State Assembly defies new transparency law

Photo courtesy Franco Folini, flickr

Photo courtesy Franco Folini, flickr

SACRAMENTO – California voters in November overwhelmingly passed Proposition 54, a constitutional amendment to promote transparency by requiring all bills in their “final form” to be published online for 72 hours before legislators vote on them. It’s designed to stop last-minute gut-and-amend bills where the leadership pushes through substantive measures that haven’t been vetted – or even read by most members who vote on them.

It’s no secret that many legislative leaders dislike the proposal. For years, reform-minded lawmakers have proposed similar measures – but they never made it before the voters. Opponents of the rule say they are all for transparency, but that requiring such a long period of time for the public and critics to review all bills makes it difficult to get complicated and important measures put together as the legislative deadline approaches.

One would think that Prop. 54’s passage would have settled the argument, but a fracas last week in the Assembly suggests that core debates over the measure are far from settled and might soon find themselves hammered out in court.

The Legislature adjourned Friday following the deadline for bills to pass out of their house of origin. Senate President Pro Tempore Kevin de Leon, D-Los Angeles, assured that bills coming from the Senate waited 72 hours before a final vote. But Assembly Speaker Anthony Rendon, D-Paramount, is accused by Proposition 54’s backers of allowing more than 90 bills to be voted on without having been published for a full 72 hours before the vote.

There’s a question over terminology in the proposition’s language: “No bill may be passed or ultimately become a statute unless the bill with any amendments has been printed, distributed to the members, and published on the internet, in its final form, for at least 72 hours before the vote, except that this notice period may be waived if the governor has submitted to the Legislature a written statement that dispensing with this notice period for that bill is necessary to address a state of emergency … .” The issue involves the term “final form.”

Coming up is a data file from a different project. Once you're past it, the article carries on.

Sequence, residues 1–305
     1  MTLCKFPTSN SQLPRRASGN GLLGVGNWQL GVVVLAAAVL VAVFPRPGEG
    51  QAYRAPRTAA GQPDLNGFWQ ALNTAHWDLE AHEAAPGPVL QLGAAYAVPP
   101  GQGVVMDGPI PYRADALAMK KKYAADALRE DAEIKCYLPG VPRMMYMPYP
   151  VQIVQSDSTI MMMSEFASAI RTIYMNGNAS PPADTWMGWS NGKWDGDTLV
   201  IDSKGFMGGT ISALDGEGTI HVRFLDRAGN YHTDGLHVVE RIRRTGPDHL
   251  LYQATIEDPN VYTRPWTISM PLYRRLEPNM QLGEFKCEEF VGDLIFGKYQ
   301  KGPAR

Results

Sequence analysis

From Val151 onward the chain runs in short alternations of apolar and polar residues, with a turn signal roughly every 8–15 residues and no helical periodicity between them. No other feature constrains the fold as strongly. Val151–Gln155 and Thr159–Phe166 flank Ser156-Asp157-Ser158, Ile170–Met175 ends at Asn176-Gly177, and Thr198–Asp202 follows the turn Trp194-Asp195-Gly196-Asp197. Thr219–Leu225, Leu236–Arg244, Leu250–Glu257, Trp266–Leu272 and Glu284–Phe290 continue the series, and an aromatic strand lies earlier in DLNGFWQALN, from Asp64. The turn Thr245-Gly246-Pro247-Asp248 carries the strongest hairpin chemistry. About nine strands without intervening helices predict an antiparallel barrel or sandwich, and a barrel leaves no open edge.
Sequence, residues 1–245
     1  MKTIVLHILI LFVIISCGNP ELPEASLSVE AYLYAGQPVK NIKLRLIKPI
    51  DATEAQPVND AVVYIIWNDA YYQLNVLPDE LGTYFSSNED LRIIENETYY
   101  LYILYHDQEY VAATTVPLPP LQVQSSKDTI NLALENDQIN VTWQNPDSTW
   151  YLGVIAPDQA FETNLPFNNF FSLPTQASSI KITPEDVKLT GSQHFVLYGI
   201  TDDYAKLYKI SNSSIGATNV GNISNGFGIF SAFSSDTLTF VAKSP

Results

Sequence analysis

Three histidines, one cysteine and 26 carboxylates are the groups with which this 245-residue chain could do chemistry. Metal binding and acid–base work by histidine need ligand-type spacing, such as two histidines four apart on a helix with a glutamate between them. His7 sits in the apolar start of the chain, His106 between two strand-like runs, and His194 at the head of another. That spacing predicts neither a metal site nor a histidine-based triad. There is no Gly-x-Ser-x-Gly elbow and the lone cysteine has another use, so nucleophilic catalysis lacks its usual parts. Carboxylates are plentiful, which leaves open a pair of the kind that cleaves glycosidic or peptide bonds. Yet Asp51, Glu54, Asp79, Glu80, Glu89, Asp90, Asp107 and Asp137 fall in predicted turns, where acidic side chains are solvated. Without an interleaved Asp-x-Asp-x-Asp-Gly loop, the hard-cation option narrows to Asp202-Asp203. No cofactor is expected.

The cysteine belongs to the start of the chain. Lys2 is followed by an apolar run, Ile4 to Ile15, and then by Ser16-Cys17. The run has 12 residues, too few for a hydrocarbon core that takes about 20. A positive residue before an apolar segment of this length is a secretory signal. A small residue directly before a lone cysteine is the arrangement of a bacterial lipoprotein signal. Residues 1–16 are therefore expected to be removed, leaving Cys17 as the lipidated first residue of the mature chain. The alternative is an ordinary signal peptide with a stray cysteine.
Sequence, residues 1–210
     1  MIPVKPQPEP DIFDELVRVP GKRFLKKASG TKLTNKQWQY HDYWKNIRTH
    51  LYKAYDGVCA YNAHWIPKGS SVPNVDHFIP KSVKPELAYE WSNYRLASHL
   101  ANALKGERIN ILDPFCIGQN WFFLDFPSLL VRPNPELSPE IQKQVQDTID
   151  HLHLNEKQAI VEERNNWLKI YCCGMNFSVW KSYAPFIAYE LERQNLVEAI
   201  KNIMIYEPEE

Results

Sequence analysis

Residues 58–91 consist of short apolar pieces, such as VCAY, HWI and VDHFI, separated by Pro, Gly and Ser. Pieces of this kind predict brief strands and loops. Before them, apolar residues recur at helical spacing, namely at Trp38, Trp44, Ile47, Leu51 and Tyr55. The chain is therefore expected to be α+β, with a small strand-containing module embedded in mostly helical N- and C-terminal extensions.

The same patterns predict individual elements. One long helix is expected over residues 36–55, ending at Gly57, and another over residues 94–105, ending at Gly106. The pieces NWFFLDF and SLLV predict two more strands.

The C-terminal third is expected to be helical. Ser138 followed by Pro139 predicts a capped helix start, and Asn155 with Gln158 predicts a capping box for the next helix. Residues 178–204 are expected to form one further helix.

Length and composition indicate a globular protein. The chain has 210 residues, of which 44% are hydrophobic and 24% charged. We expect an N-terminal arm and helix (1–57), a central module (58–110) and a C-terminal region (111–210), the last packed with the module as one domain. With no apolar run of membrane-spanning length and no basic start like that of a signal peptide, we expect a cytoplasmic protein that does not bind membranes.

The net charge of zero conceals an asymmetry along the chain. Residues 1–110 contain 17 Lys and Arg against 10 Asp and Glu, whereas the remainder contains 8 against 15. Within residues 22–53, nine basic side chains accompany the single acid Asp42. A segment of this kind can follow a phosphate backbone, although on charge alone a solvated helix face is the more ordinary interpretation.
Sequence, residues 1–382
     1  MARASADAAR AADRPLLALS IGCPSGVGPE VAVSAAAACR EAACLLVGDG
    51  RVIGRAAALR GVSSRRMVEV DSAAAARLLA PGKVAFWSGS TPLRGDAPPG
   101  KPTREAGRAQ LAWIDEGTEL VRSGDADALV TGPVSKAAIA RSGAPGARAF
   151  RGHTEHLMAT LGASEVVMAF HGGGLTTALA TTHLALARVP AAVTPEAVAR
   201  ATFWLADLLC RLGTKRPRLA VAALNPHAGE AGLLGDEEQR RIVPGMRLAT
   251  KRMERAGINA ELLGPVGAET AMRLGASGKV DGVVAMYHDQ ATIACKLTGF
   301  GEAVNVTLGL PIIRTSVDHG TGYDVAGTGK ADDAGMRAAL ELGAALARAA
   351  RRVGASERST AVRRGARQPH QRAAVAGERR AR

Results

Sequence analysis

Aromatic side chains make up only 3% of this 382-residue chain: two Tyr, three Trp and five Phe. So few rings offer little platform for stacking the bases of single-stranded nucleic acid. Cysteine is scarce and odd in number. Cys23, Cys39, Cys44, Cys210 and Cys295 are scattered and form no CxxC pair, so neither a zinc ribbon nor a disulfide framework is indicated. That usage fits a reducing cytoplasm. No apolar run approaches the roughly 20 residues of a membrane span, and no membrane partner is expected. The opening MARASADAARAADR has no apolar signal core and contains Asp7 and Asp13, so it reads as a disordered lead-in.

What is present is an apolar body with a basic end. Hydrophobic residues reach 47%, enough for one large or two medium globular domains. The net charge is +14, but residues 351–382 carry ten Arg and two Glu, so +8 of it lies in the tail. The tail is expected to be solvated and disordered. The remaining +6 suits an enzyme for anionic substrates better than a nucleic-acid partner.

The initiative’s proponents say final form means the final form before a vote in each house of the Legislature. But the Assembly argues that final form “does not pertain to a vote to move a bill to the opposite house and instead applies to legislation presented on the floor of the second house,” according to a Sacramento Bee explanation.

The chief clerk of the Assembly issued a statement explaining that “Assembly bills will not be in final form until they are presented on the floor of the Senate.” Proponents of Prop. 54, including former state Sen. Sam Blakeslee, R-San Luis Obispo, and moderate Republican financier Charles Munger Jr., strongly disagree with that interpretation and say they might go to court to defend what they say is the clear intent of the initiative.

One element of Prop. 54 that’s not in contention: The section finding that bills in violation of the 72-hour waiting period could be invalidated by the courts. That’s where the latest fracas resembles a game of chicken. De Leon clearly wasn’t taking any chances with his house’s interpretation of the proposition’s meaning. Rendon could have, say, passed a minor bill on a shorter notice as a test case to see how the courts would rule. Instead, if it’s true that he didn’t wait the full 72 hours for the votes, he may have put dozens of bills in jeopardy if the courts side with initiative drafters.

Supporters of the rule applying to both houses argue that it would be incomprehensible to give members of one legislative body (and their constituents) 72 hours to review a bill and deprive the same thing of members of the other legislative body.